Contingent liabilities are unfavorable possibilities that can occur in a company in the future. They’re not guaranteed to happen but, they could. Some of the more common liabilities include lawsuits, product recalls, government investigations and guarantors. But when you know how to read between the lines of a company’s accounting you are in a better position to make more informed choices when it comes to your investments. And although it is true that every contingent liability will not materialize, they must be thoroughly considered if you are trying to make the most out of your investing.
1. Know Before You Go
Since contingent liabilities have the ability to decrease a company’s profit, you as an investor will be able to better decide what stock shares you want to buy. If a company’s share prices go down you will need to examine why and decide whether or not they are going to positively impact your portfolio. The nature of contingent liabilities is always uncertain and can shift very quickly, so you have to stay on your toes. A company with steady and positive cash flow isn’t usually as affected by contingent liabilities as those that are less established and already floundering. Also keep in mind that the longer it takes for a contingent liability to be settled, the chance that it becomes an actual liability decreases.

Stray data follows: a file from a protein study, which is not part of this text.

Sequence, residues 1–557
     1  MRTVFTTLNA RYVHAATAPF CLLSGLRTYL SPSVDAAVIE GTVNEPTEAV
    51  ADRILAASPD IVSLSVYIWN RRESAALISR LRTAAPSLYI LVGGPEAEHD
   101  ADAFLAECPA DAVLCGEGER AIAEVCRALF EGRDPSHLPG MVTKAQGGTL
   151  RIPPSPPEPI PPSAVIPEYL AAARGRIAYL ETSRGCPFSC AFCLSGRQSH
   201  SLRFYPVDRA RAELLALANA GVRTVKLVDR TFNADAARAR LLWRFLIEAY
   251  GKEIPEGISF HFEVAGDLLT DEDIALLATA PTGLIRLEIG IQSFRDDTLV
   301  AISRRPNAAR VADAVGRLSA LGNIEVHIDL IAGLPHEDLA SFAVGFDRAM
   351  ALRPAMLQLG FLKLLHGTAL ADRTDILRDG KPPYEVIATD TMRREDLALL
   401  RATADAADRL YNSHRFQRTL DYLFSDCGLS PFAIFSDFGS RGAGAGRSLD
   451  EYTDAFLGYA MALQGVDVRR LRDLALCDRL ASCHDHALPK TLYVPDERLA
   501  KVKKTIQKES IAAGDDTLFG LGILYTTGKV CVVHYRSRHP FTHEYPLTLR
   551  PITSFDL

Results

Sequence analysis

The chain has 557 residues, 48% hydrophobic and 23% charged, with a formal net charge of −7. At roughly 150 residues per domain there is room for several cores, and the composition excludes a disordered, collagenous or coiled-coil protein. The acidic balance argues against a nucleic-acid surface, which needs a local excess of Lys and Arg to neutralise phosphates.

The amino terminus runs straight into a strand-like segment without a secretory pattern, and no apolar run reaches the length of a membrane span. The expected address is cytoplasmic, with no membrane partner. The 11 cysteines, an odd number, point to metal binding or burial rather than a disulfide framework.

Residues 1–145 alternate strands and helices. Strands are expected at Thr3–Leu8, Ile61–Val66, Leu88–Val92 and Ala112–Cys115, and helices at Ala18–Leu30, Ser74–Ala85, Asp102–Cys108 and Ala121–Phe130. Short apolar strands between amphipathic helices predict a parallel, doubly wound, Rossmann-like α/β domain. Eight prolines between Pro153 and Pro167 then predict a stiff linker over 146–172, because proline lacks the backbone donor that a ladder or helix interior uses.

2. Grade the Liability
Contingent liabilities can be categorized in three ways, high, medium and low probability. Knowing which category a liability falls under can help inform your investment decision making. High probability contingencies have a more than 50% chance that the liability will arise. It also means that there’s a good chance that the expense of the liability can be estimated fairly accurately. A medium probability contingency ticks only one of the boxes for a high probability liability. And a low probability contingency means that any expenses that arise due to the liability will be minimal.
3. Deciphering a Balance Sheet
When a company is public, they must follow Generally Accepted Accounting Principles (GAAP). Although this is mandated by the government, many companies will still try to get creative with their books in order to keep investors investing in their business. Knowing how to spot redressed contingent liabilities in creative balance sheets and income statements can save you a lot of trouble in the long run. Remember, it is legal for companies to put a positive spin on their finances in certain instances. Companies will overvalue their assets, accelerate revenue and overstate inventory to the detriment of an investor in order to make their liabilities appear less material. Carefully reading a company’s footnotes can give you greater insight into the true nature of its contingent liabilities.
Now that you know why it is so important to know your contingent liabilities, you can put them into consideration in a more useful way. If you’re still not sure how to move forward with investing with contingent liabilities, reach out to an experienced financial advisor to help you make better sense of things.